Open-source developers set out software road map for 2020
A rosy future seen for open source, but also some risks from cloud computing
IDG News Service - PARIS -- A group of open-source software advocates today set out a road map for the software industry through 2020 at the Open World Forum conference in Paris.
The authors of the report, "2020 FLOSS Roadmap," made a number of predictions about the role of free, libre and open-source software (FLOSS) in 2020, and offered 80 recommendations for the industry. They used the French word libre -- meaning free, as in unfettered -- in hopes of clearing up the ambiguity inherent in the English word free, which can also mean "without cost."
They painted a rosy vision of 2020 in which FLOSS will have entered the mainstream of the software industry and contributed to a reduction in the digital divide between rich and poor. Social networks will rely on ubiquitous, open cloud-computing services and will allow people to interact not just with friends, but also with governments and businesses, they said. CIOs wary of vendor lock-in will champion the use of FLOSS, and such software will be at the heart of green data centers and other business models with low ecological impacts, they said.
Reaching this computing nirvana, however, will require action -- and not just by bearded geeks. Investors, legislators, educators, voters and even consumers also have a role to play, according to the report's authors.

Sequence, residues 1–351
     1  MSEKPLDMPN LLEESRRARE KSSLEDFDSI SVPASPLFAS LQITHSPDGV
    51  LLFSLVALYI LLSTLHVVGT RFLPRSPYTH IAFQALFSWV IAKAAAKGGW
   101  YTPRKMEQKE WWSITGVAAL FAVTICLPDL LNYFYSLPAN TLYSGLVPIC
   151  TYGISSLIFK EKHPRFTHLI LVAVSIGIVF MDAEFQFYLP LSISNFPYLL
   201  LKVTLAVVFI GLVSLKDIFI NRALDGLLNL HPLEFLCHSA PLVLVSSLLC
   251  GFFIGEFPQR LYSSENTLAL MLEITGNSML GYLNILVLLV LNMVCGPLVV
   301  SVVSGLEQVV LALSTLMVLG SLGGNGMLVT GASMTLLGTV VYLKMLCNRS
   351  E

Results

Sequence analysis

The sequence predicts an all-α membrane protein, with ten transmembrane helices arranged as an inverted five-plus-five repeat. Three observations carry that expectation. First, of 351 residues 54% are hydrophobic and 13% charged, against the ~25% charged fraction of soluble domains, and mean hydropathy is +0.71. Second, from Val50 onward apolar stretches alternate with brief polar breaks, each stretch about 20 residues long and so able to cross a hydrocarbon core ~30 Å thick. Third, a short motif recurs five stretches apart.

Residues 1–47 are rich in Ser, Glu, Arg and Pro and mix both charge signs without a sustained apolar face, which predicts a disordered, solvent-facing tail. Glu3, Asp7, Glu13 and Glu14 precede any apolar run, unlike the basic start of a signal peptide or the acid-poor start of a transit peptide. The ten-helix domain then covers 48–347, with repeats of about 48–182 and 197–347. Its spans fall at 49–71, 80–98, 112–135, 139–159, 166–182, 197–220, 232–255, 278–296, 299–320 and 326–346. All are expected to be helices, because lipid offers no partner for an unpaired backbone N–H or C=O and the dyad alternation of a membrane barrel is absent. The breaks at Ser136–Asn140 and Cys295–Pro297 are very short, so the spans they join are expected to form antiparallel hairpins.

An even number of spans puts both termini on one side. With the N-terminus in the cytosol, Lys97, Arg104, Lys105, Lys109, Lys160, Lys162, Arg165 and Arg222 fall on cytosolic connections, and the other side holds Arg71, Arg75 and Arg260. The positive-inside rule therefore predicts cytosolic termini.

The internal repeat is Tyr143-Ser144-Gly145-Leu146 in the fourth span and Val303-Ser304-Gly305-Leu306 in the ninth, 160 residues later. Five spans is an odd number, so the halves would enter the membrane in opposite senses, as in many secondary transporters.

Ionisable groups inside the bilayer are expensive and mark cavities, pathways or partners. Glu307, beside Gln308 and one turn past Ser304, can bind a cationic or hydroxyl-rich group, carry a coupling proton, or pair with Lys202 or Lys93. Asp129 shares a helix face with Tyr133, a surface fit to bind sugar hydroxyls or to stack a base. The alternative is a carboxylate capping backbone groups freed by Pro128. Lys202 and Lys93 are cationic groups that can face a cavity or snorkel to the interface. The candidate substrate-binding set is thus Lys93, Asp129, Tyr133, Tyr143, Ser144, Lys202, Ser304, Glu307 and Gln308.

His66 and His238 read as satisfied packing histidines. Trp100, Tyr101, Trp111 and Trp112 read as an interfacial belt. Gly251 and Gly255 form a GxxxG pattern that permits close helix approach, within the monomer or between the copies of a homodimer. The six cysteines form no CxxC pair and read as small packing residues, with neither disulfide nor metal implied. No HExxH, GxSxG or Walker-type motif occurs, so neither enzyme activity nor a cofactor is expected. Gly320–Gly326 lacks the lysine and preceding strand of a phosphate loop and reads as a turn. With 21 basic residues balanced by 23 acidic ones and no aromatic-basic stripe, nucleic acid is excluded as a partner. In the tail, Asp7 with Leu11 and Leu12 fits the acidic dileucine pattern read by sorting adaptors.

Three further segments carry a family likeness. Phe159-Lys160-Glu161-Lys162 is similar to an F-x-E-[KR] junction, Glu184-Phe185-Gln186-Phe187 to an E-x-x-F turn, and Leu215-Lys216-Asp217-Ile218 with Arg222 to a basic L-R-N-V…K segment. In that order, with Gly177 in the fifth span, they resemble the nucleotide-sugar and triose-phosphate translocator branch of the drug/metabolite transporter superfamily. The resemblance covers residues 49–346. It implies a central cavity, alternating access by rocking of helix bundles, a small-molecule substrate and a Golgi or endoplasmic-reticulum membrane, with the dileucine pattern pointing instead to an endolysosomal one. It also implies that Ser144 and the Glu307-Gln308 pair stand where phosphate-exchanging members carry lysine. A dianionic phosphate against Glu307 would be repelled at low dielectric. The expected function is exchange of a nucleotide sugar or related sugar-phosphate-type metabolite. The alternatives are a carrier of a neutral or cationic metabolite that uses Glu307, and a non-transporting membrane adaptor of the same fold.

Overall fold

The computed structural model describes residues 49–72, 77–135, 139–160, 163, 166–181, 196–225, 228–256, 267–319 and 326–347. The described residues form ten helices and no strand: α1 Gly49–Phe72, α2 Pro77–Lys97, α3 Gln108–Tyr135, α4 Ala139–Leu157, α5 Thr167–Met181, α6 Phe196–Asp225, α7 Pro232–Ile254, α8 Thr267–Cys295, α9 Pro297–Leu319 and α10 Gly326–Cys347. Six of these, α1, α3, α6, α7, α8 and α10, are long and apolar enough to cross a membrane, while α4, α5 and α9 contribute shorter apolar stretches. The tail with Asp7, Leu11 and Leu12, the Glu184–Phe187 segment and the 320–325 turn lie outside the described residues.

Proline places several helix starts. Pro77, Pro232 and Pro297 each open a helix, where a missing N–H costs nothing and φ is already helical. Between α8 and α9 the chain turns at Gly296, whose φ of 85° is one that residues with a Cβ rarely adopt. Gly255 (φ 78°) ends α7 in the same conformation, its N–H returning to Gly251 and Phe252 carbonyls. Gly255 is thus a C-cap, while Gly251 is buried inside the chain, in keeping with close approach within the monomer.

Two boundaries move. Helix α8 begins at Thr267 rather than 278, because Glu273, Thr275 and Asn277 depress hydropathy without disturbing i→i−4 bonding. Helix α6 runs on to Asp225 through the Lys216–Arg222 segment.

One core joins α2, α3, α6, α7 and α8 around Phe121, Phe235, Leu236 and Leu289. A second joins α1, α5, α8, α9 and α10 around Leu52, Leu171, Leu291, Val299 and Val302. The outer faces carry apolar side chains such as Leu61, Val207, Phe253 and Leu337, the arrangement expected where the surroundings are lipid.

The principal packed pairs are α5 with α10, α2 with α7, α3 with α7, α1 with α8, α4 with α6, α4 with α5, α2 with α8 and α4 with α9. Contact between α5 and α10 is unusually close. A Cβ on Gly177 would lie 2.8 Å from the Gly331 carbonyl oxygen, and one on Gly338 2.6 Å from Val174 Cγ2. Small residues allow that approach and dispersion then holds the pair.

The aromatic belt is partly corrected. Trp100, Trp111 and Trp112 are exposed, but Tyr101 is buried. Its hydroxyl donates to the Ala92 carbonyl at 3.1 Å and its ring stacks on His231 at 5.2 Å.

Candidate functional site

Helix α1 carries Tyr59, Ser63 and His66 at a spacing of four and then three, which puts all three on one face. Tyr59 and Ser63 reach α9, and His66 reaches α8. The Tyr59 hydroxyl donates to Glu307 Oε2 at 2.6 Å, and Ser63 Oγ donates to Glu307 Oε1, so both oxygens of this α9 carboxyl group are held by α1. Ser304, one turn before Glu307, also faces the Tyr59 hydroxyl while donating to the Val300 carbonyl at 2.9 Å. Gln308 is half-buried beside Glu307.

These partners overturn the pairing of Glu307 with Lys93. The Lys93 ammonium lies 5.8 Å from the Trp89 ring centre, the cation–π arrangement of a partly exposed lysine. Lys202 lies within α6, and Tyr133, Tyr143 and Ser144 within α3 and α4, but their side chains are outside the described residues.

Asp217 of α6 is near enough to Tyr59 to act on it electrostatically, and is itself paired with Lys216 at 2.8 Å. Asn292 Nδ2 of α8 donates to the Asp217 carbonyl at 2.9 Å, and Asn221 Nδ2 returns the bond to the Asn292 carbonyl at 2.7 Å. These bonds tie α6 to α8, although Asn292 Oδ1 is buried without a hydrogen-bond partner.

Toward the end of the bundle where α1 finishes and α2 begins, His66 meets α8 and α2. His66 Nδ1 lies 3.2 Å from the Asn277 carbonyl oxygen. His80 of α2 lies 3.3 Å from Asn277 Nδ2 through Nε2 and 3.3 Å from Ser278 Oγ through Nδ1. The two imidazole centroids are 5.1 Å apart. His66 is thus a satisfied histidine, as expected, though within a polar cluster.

Governments must favor open standards and open services, they said. This is not just a matter of ideology, but also of necessity if data is to be exchanged between different services and systems.
This requires a stable and neutral legal context in which a clear definition of open standards and services can be made and imposed, they said. Clear legal frameworks could also help avoid the proliferation of software licenses, they said.
Investors, whether public- or private-sector, should fund research leading to the development of strategic FLOSS technologies, and governments and businesses should set up academic and professional training programs to educate a new generation of software developers about FLOSS.
There are some risks ahead, said the authors, who include experts from Belgium, Brazil, Canada, Germany, India, Spain and the U.S., although the majority of them are from France.
Among those risks, the use of cloud-computing capacity on the scale required by some government systems will result in an over-reliance on a small group of powerful suppliers. That could signal a return to the era of monopolies in some markets, with the risk that entire countries could be held ransom by their service providers, the authors warned. In addition, organizations unable to pay the price for these elite services could be left running on unreliable, or unsecure, second-class systems.
Cloud computing and Web services pose other risks, too, said the authors, who also include employees of networking vendor Alcatel-Lucent SA, cloud-computing user (and supplier) Google Inc., and server and software vendor Sun Microsystems Inc.
Hiding the software and presenting only the interface will limit the ability to see the source code for the applications users run. That could make some FLOSS licenses irrelevant, or their enforcement meaningless, the authors wrote. It could also stifle innovation, the authors said, if the individual programmers who code open-source applications today are reduced to mashing up future Web services through limited application programming interfaces.
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